Hello all, this is my first post. I’m at the BLM Las Cruces District Office in southern New Mexico. Unlike most CLM interns, I did not move here for the internship—I’ve been here for a decade. I went to grad school at New Mexico State University and, since graduating, have been trying to stick around one way or another. I may be biased, but there just aren’t many places that can compete with southern New Mexico. We have desert, mountains, lots of biodiversity, and lots of public land. It’s rarely cold, but can get a little warm in the summer. If we’re lucky, we get both winter and summer rains. Las Cruces is a bit too close to Texas, but no place is perfect.
Since starting my internship a month ago, the bulk of my time has gone to training of various kinds: getting the various necessary authorizations to drive governmental vehicles and whatnot, learning not to poke / sniff / eat potentially hazardous substances found in the desert, being baffled by the various different shared hard drives and physical filing systems in use, familiarizing myself with the many intricacies of NEPA and the ESA, getting to know ArcGIS (I’ve spent plenty of time with GIS, but not Arc), and so on and so forth. After a decade in the area I already know the plants fairly well, so that part of the learning curve isn’t too steep. Since none of that is terribly exciting, here are some photographs from one of my days in the field.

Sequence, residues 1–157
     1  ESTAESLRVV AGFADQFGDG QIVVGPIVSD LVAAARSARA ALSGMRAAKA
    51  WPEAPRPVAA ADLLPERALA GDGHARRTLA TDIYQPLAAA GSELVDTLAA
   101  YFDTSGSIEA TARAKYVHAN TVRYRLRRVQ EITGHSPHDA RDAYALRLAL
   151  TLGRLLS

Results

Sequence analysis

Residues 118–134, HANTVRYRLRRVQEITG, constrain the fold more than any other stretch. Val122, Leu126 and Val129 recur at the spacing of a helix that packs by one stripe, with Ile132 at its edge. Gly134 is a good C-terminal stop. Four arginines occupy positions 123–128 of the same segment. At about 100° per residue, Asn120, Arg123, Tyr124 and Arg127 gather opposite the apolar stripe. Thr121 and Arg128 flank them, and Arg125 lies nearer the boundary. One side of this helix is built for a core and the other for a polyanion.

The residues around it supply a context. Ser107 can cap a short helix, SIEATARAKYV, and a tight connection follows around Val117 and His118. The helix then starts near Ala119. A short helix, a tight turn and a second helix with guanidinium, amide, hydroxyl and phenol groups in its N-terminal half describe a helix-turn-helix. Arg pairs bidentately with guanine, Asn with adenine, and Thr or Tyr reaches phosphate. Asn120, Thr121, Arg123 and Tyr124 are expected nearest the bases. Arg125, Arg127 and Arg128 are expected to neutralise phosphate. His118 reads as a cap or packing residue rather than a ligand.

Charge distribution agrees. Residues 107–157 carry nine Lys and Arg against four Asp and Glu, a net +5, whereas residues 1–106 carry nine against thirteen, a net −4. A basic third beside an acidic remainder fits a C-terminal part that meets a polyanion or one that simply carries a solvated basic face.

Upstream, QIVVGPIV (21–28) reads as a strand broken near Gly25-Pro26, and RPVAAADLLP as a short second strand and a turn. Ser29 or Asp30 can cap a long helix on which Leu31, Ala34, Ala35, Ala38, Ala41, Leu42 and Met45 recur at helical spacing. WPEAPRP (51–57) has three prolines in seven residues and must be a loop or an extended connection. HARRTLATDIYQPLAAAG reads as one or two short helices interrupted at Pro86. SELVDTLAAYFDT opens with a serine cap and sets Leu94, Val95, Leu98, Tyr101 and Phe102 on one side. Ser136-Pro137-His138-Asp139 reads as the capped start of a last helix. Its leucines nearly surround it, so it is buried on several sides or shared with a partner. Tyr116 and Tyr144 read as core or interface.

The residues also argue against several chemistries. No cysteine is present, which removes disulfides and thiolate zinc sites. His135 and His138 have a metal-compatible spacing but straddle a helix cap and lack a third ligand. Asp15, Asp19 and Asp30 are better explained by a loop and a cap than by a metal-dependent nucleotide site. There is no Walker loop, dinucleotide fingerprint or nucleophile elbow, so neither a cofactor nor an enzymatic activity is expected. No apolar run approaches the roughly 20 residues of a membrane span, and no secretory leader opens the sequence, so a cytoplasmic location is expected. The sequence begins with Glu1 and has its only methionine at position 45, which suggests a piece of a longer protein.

On June 15th, Mike Howard (state botanist for NM BLM and one of my two mentors) and I went out to the Brokeoff Mountains to look at Dermatophyllum guadalupense, a rare leguminous shrub. Mike has been nailing down the precise distribution of this species, so we checked a couple of questionable localities. The Brokeoff Mountains are mostly limestone (or limestone-ish things like dolomite), only get up to 6,600 feet elevation or so, and are mostly untreed:
While there, I took some pictures of Mortonia scabrella, a shrub that is abundant in the Brokeoff Mountains but otherwise rarely found in New Mexico. My long-term goal is to photograph all plant species that occur in New Mexico. This puts me one closer to that goal:
We then headed over to Alkali Lakes (a note to readers not familiar with New Mexico: the word “lake” generally indicates a place where water might theoretically pool given sufficient rainfall rather than an existing body of water) to get some stem cuttings of Lepidospartum burgessii, a shrub found only on gypsum at Alkali Lakes. We sent the cuttings off for tissue culture, since Lepidospartum burgessii rarely, if ever, produces viable seed. Possibly this is a reason it is rare. In any case, it would be convenient if we had some way to propagate the thing. Unfortunately, we heard a couple of days ago that these cuttings have not done well in tissue culture—most have succumbed to fungi. Fortunately, this is an excuse to go outside again to get more cuttings. I don’t have pictures of Alkali Lakes or Lepidospartum burgessii, so here’s a collared lizard: